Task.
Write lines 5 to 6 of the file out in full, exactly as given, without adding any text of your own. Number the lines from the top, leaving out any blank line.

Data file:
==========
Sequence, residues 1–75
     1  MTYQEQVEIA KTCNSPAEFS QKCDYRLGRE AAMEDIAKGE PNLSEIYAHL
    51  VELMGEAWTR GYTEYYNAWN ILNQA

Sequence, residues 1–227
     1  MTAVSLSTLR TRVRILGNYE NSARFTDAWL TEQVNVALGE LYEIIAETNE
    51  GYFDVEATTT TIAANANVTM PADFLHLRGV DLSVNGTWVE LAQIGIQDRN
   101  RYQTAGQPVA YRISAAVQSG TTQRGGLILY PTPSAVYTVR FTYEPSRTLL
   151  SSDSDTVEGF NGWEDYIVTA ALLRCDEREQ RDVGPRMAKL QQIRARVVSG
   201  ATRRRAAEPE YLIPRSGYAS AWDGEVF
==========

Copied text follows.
     1  MTAVSLSTLR TRVRILGNYE NSARFTDAWL TEQVNVALGE LYEIIAETNE
    51  GYFDVEATTT TIAANANVTM PADFLHLRGV DLSVNGTWVE LAQIGIQDRN